Students have finally returned to the classroom, fewer and fewer extracurricular activities remain in the confines of Zoom, and both students and teachers feel the buzzing energy of a school environment. Urban’s return to in-person school has been a tremendous step in going back to the learning culture that pre-COVID Urban once offered. The return to in-person instruction has prompted Urban teachers to reflect on the virtual classroom setting that they were forced to adjust to over the past year.“[Online school] made me really aware of all the ways that we communicate and interact and show our interest in each other when we’re in person,” said Cathleen Sheehan, English department chair. For many, the last year of online school has been a period of serious disconnect between peers, teachers and knowledge. “The spontaneous and even nonverbal ways that we show we’re attending to each other and responding to each other [are] much harder to read through a screen…everything feels a little clunkier, “ said Sheehan.
“[One of the overarching challenges in virtual school] was how much less information, in general, I had in terms of reading students. I’m kind of shocked at what people do with their legs and how [that] actually matters in knowing how comfortable someone is. I didn’t realize that until I couldn’t see their whole body,” said Rebecca Shapiro, history department chair. Although the chat created another pathway for direct communication between students and teachers, a lack of subconscious body language and side conversations disconnected teachers from their students. “It felt like being a first year teacher again. It felt like it was a totally new job and I had no idea how it’s going to go.”
The weakened ability to pass on and retain knowledge while virtual has been another obstacle. In the science department in particular, teachers have needed to pivot the entire curriculum to a very different teaching model. “We know that students learn science best by doing it themselves and figuring it out for themselves,” said Matthew Casey, science department chair. “Urban’s whole science curriculum is based around labs. On Zoom, we were very limited with equipment, [so] we had to revert to more traditional direct instruction. That’s been really frustrating,” Casey continued. Although the science department came up with a multitude of at-home experiments to do, there were still serious disparities between what could be done at home and in a science lab. “The reason I’ve taught science for so long and the reason I teach science at Urban is because of that hands-on, student centered curriculum where [students are] the ones doing the work in the classroom. We just didn’t have that on Zoom,” he said.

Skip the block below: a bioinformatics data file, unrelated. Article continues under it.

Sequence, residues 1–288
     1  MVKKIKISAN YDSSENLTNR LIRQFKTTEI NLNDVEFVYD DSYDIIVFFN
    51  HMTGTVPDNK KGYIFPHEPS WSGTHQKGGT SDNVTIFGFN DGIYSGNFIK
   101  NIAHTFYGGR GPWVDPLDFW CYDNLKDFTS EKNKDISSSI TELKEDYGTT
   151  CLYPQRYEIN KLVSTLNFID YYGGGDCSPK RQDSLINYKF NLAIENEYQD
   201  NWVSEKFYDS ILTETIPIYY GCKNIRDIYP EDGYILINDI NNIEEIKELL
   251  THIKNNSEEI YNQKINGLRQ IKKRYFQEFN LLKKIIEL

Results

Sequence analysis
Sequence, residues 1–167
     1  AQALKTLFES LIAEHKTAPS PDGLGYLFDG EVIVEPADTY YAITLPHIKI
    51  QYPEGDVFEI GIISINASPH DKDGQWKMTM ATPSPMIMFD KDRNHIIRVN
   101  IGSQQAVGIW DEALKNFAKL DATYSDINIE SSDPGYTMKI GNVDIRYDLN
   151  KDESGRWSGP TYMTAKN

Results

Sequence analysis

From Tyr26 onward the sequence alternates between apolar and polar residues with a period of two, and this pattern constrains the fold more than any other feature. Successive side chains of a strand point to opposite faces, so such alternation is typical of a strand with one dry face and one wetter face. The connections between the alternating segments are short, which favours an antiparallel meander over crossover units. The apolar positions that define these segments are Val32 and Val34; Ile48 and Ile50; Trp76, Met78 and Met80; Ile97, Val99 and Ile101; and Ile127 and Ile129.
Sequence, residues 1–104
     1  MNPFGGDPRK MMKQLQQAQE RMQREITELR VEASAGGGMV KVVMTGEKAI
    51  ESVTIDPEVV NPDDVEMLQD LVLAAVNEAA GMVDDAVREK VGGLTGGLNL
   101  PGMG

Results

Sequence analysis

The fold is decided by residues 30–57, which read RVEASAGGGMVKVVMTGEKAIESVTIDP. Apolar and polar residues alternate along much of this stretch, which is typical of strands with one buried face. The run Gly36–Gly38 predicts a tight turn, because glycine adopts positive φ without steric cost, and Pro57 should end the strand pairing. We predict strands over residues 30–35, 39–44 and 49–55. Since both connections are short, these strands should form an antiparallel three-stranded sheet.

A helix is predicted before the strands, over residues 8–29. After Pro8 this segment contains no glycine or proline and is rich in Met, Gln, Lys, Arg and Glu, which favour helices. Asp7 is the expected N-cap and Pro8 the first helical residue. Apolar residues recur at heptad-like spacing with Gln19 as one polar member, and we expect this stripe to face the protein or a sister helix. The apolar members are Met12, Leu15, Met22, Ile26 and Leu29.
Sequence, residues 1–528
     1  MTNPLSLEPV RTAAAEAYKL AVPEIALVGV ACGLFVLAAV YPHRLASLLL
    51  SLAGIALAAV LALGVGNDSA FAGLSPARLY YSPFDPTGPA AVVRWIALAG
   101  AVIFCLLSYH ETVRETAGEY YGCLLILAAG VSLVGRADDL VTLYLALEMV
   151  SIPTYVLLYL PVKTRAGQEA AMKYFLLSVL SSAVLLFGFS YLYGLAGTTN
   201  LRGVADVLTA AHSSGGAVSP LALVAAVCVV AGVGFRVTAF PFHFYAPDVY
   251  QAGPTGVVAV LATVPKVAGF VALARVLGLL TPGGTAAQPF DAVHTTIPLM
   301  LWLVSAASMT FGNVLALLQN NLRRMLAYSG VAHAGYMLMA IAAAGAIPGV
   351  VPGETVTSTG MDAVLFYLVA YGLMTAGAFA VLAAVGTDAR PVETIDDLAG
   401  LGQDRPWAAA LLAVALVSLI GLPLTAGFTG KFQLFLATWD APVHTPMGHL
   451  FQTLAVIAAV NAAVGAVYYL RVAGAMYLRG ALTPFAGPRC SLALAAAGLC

When Urban first welcomed students back into the building in March, only half of the student body was in the building at any given time. Class sizes were halved and teachers taught the same periods twice in one day. “When you get a class that’s too small, like only six or seven students, there’s this sort of awkwardness where students are reluctant to talk with each other or participate. I think in those first weeks, everyone [was] kind of shell shocked,” Casey said. Since the post-Spring break return to 100% capacity, “students are going back to their curious selves,” said Casey.
While the initial excitement and shock of being in-person has been at the forefront of the return to school, this entire process has also allowed teachers to reflect on their teaching practices. “I’m really trying to get myself out of the center,” said Sheehan. “It’s really about students finding their own way into the literature, finding their own voice as writers and readers, finding what interests them and sustains them, and finding some joy in the process.”
“[Virtual school] showed me the value of teaching at a school like Urban,” said Casey. “We’ve got double periods to do long labs, we have the ability to do lots of field trips, we have the financial resources to get fantastic equipment and create really rich and robust lab experiences for students. I wouldn’t want to be at a school where I couldn’t teach science in that way. Teaching over Zoom really showed me how you cannot teach as much material at as much depth without teaching science in that hands-on way.”